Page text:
It is argued that renting out non-residential buildings to guardians is legal, at least once planning permission for change of use has been granted. Because property guardians are on licence agreements and not tenancies, their primary role is to secure the building on a temporary basis.
Katharine Hibbert, founder and director of Dotdotdot Property, a small guardianship company, agrees that more needs to be done about the housing crisis. "What we really need is to build more good homes. Property guardianship can never be the whole solution - it's not right for everyone. But getting Britain's empty properties into use can definitely do a lot to ease the current housing shortage, and we're glad to help our guardians find good homes they can afford in the most expensive parts of the country."
She emphasises that all the empty properties administered by Dotdotdot meet the same health, safety and fire standards as required for normal rental properties.
Another company, Guardians of London, says it installs temporary fixes to make its properties habitable for residents. "For a small start-up fee, we'll install 'wheel in, wheel out' shower pods so we can provide temporary washing facilities," explains Gavin Handman, head of operations. "The guardians provide their own kitchen facilities, including microwaves and portable kitchen hobs that are no greater than 13 amps for fire safety reasons.
"If it's a large building, we place guardians strategically throughout the building. If it's a big former office building, for example, we can put as many as 30 guardians in there if necessary, but we don't overfill our properties like some other guardian companies, so wear and tear is kept to a minimum."
However, Richard Harding, director of communications, policy, and campaigns at Shelter, thinks it's no wonder many are trying to find alternative solutions. "That people are resorting to the unstable, unsuitable and often unsafe option of property guardianship is yet another symptom of our chronic affordability crisis."
Guardians are aware of their lack of rights. Matthew describes the deal between company and guardian as "Faustian". He explains how guardians almost have to agree to having no rights. "Agreeing to live in one of these properties is not a rational decision but it is one made often by financial compulsion and not as the companies would like to have you believe, as an exhilarating bourgeois lifestyle choice."
There are certainly positive factors. Cheap rent and a central location are clearly the main draws, but guardians also cherish the community spirit that comes with living in a shared building. Although guardians can, in some properties, be given just 24 hours to vacate, Moyse thinks that the flexibility can be seen as a bonus of sorts: "One of the great things about being a property guardian - it's typically difficult to find rent in London for anything less than a year, but we could leave at a month's notice if we wanted."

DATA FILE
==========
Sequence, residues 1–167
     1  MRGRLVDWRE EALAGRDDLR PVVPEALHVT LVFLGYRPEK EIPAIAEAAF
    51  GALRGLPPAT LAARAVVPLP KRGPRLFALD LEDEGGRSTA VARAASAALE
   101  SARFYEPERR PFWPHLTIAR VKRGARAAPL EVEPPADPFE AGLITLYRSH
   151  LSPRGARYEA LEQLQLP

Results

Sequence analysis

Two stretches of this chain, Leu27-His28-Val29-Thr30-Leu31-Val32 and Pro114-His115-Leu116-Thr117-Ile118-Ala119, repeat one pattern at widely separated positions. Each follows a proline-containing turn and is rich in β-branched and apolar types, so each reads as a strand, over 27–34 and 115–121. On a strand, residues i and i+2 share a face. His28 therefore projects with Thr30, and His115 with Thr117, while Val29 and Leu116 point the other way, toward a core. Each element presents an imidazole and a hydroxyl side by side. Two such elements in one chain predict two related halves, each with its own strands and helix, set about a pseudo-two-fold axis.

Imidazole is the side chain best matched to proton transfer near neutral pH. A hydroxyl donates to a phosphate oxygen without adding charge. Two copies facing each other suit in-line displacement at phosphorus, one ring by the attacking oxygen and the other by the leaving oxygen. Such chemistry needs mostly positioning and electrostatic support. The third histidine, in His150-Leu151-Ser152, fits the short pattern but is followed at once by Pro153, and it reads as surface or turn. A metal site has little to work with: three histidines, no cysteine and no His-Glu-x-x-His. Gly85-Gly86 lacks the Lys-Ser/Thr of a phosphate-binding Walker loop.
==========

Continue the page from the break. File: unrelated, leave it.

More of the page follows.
Richard Blake, from Bristol, is mostly content with being a property guardian. "I'm not forced to see most of my wages go straight to rent and bills. I wouldn't be here after 18 months if the positives didn't outweigh the negatives and I don't think there is any other way that my girlfriend and I could get on the housing ladder while living in Bristol."
Fiona sees property guardianship as a lifestyle choice. "You have to be prepared to walk in and clean before you unpack, and a little DIY knowledge goes a long way. It's all about the community you create - when I lived in Hertford we played ball games in the garden, and when I lived in Chelsea we'd eat and drink together. With the bad comes the good."
Moyse agrees. Despite the rats, he found the people he moved in with were "great company". "It was one of the most interesting things I've ever done."
More from the Magazine
Why are so many British homes empty? (December 2015)
Peep show and the stigma of flat-sharing in your 40s (November 2015)
The last woman left on a derelict street (November 2015)
The lowest rung of the housing ladder? (October 2015)
Subscribe to the BBC News Magazine's email newsletter to get articles sent to your inbox.